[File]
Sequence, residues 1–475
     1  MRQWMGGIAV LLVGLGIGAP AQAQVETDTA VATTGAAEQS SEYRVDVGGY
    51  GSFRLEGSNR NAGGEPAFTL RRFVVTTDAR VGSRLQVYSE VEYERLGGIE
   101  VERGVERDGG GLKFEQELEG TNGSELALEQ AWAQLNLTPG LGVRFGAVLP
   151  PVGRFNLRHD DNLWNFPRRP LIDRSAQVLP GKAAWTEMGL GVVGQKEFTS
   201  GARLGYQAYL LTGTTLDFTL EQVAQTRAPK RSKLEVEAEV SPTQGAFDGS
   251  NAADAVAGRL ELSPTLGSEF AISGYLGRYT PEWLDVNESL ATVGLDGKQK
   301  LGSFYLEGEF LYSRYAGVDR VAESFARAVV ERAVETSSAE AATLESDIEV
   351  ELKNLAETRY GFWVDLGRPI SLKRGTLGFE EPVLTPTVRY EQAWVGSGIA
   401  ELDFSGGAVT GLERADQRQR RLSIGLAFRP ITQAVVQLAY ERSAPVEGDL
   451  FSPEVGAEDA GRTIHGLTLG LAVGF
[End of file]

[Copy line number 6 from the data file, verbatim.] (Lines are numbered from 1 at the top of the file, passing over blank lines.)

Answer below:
   201  GARLGYQAYL LTGTTLDFTL EQVAQTRAPK RSKLEVEAEV SPTQGAFDGS